Project-level Application of the Forest Service Hierarchical Ecological Classification System

Research Issue

The Forest Service developed an eight-level ecological-based classification system in the early 1990s for agency uses ranging from national, regional, forest, and district administrative levels. In 1995, the classification system was used to produce a consistent map of ecoregions of the US (see figure below). Those mapped ecoregions were used as the basis for developing tree growth models for the Southern Variant of the Forest Vegetation Simulator. Following evaluation and review, the 1995 ecoregion map was updated and revised in 2007.

Ecoregions of the United States Provinces

Ecoregions of the United States Provinces

The five upper levels (national and regional applications) have been used as a basis of ecosystem classification for a number of purposes including national wildland fuel models, regional resource assessments, climate change evaluations, and selection of research natural areas. The lower three levels are intended for uses at the national forest and ranger district levels, but have not been tested and evaluated for applications under operational conditions in the South. Testing and evaluation of the lower levels of the hierarchy are needed by national forest service planners to provide a sound foundation on which to make resource management decisions that will be accepted by the public.

Our Research

Results from this series of projects differ from traditional research in that hypotheses were not formulated and tested. Instead, a small group of "experts" at the national (Washington Office, Regions, Stations) and local (National Forests, Ranger Districts) administrative levels collaborated to delineate, review, and revise ecological units based on collective knowledge. Testing proposed ecological units is necessary to demonstrate validity of the map, but is difficult because adequate data sets are lacking, particularly for units that are regional in extent. Working alone at the regional scale and with national forest cooperators at the local scale, we have made several tests of mapped ecounits to develop methods and demonstrate feasibility of additional testing and evaluation by others.

Expected Outcomes

Products of this work consist of maps of ecological units delineated at a range of scales, accompanied by descriptions of the map units. Users representing a range of disciplines use the maps for a range of projects and report on their findings in publications, which then form the basis for future revisions of the mapped ecoregions.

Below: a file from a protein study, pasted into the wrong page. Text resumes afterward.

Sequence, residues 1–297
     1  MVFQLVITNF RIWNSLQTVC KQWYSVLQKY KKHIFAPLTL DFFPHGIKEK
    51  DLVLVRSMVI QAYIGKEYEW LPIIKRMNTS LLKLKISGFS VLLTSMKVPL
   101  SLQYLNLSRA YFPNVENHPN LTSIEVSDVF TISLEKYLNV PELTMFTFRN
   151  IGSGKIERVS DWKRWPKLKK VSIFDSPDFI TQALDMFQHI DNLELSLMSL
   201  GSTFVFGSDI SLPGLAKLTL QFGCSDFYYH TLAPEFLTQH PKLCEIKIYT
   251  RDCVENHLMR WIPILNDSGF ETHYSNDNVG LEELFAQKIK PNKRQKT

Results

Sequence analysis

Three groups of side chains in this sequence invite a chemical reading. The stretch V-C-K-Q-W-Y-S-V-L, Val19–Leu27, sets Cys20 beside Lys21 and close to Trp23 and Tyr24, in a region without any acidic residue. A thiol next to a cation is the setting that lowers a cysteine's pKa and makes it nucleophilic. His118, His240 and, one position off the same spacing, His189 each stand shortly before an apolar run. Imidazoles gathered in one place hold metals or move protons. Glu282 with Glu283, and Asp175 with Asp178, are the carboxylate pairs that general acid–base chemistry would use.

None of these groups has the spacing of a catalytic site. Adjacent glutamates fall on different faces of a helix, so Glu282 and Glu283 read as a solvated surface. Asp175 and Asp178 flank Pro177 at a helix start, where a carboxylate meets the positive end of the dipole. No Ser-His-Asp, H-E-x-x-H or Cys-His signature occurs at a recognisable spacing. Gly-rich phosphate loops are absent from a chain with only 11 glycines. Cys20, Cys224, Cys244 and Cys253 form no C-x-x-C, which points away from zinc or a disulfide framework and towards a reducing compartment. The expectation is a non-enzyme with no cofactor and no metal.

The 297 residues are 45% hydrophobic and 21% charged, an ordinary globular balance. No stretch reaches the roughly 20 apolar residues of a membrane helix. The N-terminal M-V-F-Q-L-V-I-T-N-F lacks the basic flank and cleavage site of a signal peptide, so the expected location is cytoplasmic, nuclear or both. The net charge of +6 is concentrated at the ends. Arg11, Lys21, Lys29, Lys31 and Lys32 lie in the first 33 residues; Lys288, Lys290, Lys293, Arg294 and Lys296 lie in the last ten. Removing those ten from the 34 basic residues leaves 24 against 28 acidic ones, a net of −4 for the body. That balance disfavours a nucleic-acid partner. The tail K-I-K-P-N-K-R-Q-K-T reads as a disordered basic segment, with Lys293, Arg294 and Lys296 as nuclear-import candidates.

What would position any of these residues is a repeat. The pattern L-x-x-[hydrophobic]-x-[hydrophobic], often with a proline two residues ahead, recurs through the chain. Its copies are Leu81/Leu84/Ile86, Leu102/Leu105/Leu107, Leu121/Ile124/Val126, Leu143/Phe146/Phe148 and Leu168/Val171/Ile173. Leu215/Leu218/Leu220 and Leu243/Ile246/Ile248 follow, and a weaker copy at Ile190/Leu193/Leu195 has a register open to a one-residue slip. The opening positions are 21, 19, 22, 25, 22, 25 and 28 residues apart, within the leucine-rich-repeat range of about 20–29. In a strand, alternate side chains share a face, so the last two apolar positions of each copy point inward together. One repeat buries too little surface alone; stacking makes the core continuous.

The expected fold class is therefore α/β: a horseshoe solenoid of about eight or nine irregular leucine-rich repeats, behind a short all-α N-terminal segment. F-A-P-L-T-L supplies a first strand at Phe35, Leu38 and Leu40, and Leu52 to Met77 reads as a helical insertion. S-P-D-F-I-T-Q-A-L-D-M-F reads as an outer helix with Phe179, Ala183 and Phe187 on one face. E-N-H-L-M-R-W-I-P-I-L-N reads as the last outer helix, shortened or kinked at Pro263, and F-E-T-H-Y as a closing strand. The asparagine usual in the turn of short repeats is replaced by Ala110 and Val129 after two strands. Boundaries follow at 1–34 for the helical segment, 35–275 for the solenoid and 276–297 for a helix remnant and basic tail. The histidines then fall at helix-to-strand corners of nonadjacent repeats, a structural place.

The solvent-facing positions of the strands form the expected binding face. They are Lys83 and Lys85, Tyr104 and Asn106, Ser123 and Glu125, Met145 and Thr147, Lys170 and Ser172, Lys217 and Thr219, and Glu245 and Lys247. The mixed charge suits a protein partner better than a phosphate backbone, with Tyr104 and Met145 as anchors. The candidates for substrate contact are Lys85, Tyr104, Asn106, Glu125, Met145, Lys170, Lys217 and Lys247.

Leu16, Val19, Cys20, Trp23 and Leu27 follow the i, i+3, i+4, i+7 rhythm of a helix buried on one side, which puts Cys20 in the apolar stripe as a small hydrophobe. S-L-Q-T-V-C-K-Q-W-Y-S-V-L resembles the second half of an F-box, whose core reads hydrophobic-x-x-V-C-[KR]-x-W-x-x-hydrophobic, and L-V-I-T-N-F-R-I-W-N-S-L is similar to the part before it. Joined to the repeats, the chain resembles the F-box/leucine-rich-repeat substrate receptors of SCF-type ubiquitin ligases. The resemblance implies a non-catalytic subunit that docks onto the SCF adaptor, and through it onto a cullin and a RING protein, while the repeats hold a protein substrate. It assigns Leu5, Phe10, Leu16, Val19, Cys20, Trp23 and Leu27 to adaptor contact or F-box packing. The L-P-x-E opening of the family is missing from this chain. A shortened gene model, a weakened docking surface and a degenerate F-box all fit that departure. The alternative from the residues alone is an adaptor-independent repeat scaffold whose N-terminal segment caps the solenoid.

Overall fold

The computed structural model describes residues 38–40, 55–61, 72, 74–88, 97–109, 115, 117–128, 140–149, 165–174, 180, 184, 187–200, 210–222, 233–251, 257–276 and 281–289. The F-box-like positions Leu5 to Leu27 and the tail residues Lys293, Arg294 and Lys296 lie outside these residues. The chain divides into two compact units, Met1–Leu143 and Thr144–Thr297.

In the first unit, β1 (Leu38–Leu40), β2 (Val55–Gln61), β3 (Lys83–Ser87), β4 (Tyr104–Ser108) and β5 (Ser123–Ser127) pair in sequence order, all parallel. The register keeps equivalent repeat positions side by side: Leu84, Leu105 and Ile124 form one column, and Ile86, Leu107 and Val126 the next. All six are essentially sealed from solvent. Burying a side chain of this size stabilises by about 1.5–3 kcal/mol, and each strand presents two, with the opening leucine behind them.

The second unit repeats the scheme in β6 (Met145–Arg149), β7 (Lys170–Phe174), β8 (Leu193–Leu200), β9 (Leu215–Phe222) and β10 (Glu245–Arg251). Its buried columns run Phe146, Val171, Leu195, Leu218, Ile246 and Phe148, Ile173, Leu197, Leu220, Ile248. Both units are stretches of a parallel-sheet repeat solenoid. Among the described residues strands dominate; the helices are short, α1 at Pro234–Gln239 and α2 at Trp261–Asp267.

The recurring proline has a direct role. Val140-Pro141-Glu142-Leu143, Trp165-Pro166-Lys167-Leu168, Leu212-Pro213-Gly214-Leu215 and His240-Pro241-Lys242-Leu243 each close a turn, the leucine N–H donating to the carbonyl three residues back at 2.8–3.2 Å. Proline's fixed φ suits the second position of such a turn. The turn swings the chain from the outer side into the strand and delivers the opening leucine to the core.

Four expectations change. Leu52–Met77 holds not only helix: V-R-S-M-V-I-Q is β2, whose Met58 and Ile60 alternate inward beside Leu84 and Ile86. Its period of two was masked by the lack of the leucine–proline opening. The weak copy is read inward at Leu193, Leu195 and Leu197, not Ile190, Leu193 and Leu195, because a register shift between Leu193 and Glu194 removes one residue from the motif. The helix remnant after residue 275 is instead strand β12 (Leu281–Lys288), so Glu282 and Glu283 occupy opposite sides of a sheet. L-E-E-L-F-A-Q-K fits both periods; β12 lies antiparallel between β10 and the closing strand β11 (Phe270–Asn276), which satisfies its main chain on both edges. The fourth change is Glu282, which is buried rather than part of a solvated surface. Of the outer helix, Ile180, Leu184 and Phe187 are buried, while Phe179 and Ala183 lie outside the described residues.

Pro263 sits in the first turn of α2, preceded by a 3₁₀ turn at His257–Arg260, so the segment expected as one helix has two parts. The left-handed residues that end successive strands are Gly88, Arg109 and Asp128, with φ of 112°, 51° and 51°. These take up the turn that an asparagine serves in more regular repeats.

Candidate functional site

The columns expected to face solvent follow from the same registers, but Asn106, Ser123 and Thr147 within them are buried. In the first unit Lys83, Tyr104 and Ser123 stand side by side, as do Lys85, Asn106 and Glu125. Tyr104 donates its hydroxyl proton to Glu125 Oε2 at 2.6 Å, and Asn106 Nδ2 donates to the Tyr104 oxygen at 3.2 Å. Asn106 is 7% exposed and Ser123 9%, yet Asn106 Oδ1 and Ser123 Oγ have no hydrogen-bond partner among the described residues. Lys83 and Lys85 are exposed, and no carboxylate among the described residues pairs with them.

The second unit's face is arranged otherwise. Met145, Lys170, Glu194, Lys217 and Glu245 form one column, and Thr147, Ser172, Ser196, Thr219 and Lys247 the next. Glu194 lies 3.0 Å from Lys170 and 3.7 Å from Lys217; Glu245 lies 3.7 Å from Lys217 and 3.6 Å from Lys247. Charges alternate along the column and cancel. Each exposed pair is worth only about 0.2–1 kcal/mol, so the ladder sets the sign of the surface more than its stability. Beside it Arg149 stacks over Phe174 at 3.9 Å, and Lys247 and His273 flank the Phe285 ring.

Research Results

  • Cleland, D.T., Freeouf, J.A., Keys, J.E., Nowacki, G.J., Carpenter, C.A., and McNab, W.H. 2007. Ecological subregions: Sections and subsections of the conterminous United States. General Technical Report WO-70. Washington, DC: U.S. Department of Agriculture, Forest Service. [Issued as a CD only]
  • McNab, W.H.; Lloyd, F.T. 2009. Testing ecoregions in Kentucky and Tennessee with satellite imagery and Forest Inventory data. In: McWilliams, Will; Moisen, Gretchen; Czaplewski, Ray, comps. Forest Inventory and Anslysis (FIA) Symposium 2008; October 21-23, 2008; Park City, UT. Proc. RMRS-P-56CD. Fort Collins, CO: U.S. Department of Agriculture, Forest Service, Rocky Mountain Reserch Station. 19 p.
  • McNab, W.H.; Keyser, C.E. 2011. Revisions to the 1995 map of ecological subregions that affect users of the southern variant of the Forest Vegetation Simulator. e-Research Note SRS-RN-21. Asheville, NC: USDA, Forest Service, Southern Research Station, 4 p.
  • McNab, W.H.; Stephens, R.B.; Rightmyer, R.D.; Mavity, E.M.; Lambert, S.G. 2012. A preliminary test of an ecological classification system for the Oconee National Forest using forest inventory and analysis data. In: McWilliams, Will.; Roesch, F.A. eds. 2012. Monitoring Across Borders: 2010 Joint Meeting of the Forest Inventory and Analysis (FIA) Symposium and the Southern Mensurationists. e-Gen. Tech. Rep. SRS-157. Asheville, NC: U.S. Department of Agriculture, Forest Service, Southern Research Station. p. 77-86.
  • McNab, W.H.; Stephens, R.B.; Rightmyer, R.D.; Mavity, E.M.; [and 6 other coauthors]. (In prep.) Development of an Ecological Classification System for the Cooper Creek Watershed of the Chattahoochee National Forest: A First Approximation. In: Haywood, Dave; Holley, Gordon. eds. Proceedings of the 17th Biennial Southern Silviculture Research Conference. March 5-7, 2013. Shreveport, LA. e-Gen. Tech. Rep. SRS-XXX. Asheville, NC: U.S. Department of Agriculture, Forest Service, Southern Research Station. P. xxx-xxx. [Poster has been accepted for presentation, which will be the basis for a manuscript and paper in the conference proceedings.]

Research Partners and Collaborators

  • WO, RO, NRS (for national ecoregion map)
  • Oconee National Forest
  • Chattahoochee National Forest
  • Forest Inventory and Analysis